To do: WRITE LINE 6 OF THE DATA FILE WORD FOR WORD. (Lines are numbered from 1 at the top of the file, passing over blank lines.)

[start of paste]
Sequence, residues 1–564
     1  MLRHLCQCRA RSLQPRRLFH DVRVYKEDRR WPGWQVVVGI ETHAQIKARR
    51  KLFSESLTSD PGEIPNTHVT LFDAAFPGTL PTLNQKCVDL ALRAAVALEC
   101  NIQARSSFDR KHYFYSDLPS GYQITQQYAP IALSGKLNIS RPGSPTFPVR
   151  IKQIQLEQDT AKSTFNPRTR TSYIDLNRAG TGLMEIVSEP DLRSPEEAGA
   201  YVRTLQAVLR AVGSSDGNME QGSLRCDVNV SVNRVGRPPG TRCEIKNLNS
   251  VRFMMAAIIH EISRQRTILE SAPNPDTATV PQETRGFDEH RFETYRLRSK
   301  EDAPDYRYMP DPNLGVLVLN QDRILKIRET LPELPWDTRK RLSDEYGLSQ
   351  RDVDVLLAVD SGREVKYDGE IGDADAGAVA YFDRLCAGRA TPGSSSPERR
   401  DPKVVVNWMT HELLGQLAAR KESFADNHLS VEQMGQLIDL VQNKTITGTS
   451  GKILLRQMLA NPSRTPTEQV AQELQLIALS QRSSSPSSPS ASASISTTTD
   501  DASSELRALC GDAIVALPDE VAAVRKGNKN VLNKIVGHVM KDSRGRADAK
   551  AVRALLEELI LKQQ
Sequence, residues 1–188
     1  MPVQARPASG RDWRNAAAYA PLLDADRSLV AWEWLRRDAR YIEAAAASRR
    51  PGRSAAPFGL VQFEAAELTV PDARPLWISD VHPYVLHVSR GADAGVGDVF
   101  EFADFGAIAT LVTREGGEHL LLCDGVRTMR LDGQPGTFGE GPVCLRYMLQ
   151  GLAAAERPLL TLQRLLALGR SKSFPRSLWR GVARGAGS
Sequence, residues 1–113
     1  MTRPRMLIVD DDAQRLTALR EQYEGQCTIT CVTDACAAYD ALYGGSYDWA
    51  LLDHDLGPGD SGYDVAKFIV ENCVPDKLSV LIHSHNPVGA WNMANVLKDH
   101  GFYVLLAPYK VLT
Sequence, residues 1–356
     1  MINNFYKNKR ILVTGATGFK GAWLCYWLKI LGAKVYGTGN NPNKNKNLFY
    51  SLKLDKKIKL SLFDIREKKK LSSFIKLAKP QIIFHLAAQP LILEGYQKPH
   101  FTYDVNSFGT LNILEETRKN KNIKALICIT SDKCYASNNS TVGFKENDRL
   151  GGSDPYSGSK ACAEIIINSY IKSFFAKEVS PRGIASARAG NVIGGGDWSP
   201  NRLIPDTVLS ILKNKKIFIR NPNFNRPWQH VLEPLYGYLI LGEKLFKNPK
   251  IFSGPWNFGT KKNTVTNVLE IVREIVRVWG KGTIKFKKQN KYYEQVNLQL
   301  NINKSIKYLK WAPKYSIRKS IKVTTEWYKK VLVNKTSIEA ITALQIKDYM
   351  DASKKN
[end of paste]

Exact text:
   201  YVRTLQAVLR AVGSSDGNME QGSLRCDVNV SVNRVGRPPG TRCEIKNLNS